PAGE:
The issue of human trafficking is one that I began learning about in college and towards the end of my college career, spent one night a week for a whole semester learning, discussing and seeing images of human trafficking (slavery). Women, seated in a room on riser levels behind a glass window--like pets in a pet store. For sale.

We would discuss it's entrenchment in society, and in some places, its integration into the very culture.

Maybe numbers will help paint a picture. (source)

There are an estimated 20-30 million slaves today, worldwide. (that ranges from the combined populations of Shanghai and New York City to the combined populations of Shanghai, NYC, London and Taipei)

Trafficking is the 3rd most profitable crime industry (behind drugs and weapons), grossing around $32 billion annually (some variance in it's placing, but it's solidly in the top 3).

To bring it a little closer to home-- an estimated 14.5 to 17.5 thousand victims are trafficked across US borders every year. That number does not include domestic trafficking where no international borders are crossed.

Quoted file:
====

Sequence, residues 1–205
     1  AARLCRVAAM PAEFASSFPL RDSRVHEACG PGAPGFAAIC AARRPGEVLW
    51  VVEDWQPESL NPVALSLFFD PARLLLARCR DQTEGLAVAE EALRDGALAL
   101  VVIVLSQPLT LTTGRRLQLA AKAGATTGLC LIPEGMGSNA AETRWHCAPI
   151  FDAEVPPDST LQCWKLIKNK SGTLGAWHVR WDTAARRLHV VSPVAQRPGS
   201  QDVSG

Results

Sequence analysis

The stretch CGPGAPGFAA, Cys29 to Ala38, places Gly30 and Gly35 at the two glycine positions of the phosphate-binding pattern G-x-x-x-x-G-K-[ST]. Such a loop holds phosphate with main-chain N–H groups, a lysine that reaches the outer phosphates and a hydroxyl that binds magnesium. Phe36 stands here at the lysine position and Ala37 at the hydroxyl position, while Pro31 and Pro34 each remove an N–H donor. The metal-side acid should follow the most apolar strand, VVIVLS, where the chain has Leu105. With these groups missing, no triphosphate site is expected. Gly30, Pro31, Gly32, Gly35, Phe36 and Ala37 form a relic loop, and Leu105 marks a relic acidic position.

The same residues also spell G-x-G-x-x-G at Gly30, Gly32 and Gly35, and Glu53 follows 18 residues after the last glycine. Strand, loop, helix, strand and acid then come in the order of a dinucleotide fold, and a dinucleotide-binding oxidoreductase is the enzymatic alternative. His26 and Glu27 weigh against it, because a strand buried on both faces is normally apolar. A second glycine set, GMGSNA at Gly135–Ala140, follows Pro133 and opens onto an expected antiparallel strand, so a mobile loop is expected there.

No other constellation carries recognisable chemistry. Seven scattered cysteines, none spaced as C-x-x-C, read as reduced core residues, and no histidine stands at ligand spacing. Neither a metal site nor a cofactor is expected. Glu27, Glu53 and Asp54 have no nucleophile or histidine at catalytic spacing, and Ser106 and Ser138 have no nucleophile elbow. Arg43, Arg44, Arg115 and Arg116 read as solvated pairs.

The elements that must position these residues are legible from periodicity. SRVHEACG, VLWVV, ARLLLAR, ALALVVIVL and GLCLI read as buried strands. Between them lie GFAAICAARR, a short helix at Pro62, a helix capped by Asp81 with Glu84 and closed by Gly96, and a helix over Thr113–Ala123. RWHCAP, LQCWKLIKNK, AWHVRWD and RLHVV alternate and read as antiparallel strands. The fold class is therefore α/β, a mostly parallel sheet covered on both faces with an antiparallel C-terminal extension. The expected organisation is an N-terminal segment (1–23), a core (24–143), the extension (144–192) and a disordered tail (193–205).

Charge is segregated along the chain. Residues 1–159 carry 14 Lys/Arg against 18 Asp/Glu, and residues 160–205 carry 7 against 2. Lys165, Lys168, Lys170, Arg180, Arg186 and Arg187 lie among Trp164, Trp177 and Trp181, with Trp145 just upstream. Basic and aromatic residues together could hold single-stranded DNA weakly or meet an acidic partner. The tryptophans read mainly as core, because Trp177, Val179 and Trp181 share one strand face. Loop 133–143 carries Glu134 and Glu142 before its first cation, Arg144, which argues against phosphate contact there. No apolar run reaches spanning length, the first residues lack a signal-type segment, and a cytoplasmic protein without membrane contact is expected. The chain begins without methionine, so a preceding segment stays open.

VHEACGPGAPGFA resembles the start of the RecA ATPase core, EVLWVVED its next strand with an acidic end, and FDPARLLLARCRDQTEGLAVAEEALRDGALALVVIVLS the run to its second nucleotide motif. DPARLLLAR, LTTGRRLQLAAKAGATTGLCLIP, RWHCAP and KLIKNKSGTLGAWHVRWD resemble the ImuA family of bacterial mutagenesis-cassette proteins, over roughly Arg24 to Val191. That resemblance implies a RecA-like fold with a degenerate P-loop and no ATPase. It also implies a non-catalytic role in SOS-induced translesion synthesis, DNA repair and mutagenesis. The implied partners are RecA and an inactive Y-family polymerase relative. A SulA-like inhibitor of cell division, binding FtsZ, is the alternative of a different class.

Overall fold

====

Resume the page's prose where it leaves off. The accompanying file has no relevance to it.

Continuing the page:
Of the numbers of global child sex tourists (individuals who travel to locales specifically for child sex), an estimated 25% of them are American. This percentage increases in certain countries. In Cambodia, 38% of child sex tourists are American. In Costa Rica, 80%. (source)

The numbers are big and hard to comprehend. I've read articles upon articles. The facts and stories would fill so many books. Over all the nuances, depravity and forms that it can take, the fact remains that slavery exists.

Did you know about it? This breach of human rights is unacceptable. I've wanted to do something about it for a while, but I'm not entirely sure what. I have a couple of ideas, so if and when they materialize, I'll let you know.

I just wanted to share this bit of my heart with you.

What you do with it is up to you :)

Wednesday, August 8, 2012

I have a reason

I will exalt you, LORD, 
for you lifted me out of the depths 
and did not let my enemies gloat over me. 

LORD my God,  I called to you for help, 
and you healed me. 
You, LORD, brought me up from the realm of the dead;
you spared me from going down to the pit.

Sing the praises of the LORD, you his faithful people;
praise his holy name.
For his anger lasts only a moment, but his favor lasts a lifetime;
weeping may remain for a night,